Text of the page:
INDIANAPOLIS – The Indiana Senate voted 34-10 Friday to establish oversight and regulations for the growing paid fantasy sports industry.
But it will be up to Gov. Mike Pence to decide whether he signs the bill into law.
The bill specifically says the activity doesn’t constitute gambling, which some lawmakers have questioned.
Sen. Mike Young, R-Indianapolis, said he doesn’t understand how it is any different from researching and betting directly on the outcome of a game.
In fantasy sports, players draft professional athletes and earn points for their statistics in a game. They pay entry fees and can win money depending on how their players perform.
Griffin Finan – director of public affairs for DraftKings – issued a statement thanking Indiana lawmakers for their advocacy.
"We look forward to continuing our dialogue with legislatures across the country to put in place a regulatory framework with thoughtful and appropriate consumer protections for fantasy sports players," he said.
Sen. Scott Schneider, R-Indianapolis, questioned the high fees operators must pay to the Indiana Gaming Commission under Senate Bill 339.
The Senate originally had the fees at $5,000 but the House raised it to a minimum of $50,000 initially and $5,000 each year.
Dave Gerczak, co-founder of the Fantasy Football Players Championship, said those fees will put his season-long paid fantasy site out of business in Indiana. The New York company has been around since 2008.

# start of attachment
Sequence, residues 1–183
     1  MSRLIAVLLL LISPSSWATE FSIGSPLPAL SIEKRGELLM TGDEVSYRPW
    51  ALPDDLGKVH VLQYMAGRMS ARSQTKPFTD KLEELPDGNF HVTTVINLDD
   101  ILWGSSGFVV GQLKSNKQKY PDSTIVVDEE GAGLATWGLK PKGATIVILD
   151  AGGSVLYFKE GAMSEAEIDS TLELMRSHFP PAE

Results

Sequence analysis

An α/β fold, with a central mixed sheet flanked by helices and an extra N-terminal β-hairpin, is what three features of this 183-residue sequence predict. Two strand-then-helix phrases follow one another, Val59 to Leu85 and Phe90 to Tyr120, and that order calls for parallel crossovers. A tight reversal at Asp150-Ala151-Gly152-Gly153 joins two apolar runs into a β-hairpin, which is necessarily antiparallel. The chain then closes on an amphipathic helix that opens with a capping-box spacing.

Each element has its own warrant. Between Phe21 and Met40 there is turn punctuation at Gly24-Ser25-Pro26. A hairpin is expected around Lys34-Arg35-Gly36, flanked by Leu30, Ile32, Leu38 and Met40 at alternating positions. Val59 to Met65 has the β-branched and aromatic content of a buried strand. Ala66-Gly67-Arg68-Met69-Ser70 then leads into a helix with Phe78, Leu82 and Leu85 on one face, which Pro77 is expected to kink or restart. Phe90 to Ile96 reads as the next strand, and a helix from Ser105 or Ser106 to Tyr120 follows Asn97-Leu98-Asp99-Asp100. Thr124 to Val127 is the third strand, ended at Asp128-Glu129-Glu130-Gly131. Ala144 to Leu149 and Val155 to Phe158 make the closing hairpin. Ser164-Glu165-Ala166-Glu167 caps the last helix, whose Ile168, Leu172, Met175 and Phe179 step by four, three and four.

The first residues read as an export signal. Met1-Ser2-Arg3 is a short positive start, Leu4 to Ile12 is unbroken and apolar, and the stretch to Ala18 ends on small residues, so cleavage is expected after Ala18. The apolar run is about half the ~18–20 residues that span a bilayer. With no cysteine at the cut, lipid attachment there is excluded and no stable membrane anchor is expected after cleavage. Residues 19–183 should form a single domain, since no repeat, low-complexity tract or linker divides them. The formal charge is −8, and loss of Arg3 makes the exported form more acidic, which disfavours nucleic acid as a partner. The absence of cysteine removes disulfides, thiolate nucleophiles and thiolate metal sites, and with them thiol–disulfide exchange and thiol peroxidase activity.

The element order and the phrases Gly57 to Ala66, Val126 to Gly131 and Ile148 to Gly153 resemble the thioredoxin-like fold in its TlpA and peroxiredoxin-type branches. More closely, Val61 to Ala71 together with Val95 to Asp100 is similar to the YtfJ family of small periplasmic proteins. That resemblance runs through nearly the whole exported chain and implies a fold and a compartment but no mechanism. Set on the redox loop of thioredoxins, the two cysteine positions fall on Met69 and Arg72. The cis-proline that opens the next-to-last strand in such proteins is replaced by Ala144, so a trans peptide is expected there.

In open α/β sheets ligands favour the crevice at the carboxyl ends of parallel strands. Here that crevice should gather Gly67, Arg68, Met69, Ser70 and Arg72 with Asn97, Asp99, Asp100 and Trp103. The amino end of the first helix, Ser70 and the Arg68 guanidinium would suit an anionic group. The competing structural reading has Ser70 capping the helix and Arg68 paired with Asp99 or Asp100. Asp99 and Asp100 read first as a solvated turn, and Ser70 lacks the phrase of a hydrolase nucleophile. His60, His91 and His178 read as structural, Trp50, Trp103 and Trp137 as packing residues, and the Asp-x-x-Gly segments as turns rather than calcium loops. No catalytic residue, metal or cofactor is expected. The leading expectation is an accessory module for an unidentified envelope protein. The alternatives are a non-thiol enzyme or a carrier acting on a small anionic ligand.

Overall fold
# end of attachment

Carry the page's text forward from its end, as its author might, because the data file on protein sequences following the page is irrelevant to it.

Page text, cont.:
He said his company and other smaller fantasy sports sites had been assured by their trade association that there would be some sort of grandfather clause for existing companies or entities below a certain size.
But the bill doesn’t contain that.
"Even the $5,000 is really tough to be honest with you," Gerczak said, adding they could have to pay fees in every state. "As of seven days ago was the first time we actually realized we were getting screwed."
Sen. Ron Alting, R-Lafayette, pointed out several aspects of the legislation, including consumer protection provisions that include age verification, pre-determined prizes, independent audits of the companies and a ban on company employees playing.
Sen. Brandt Hershman, R-Buck Creek, said millions are playing paid fantasy sports now with no rules whatsoever, and compared it to the "Wild, Wild West" without the bill.
Some states, though, have chosen to crack down on the activity as illegal online gambling.
Two local senators opposed the bill – Sen. Travis Holdman, R-Markle, and Sen. Liz Brown, R-Fort Wayne.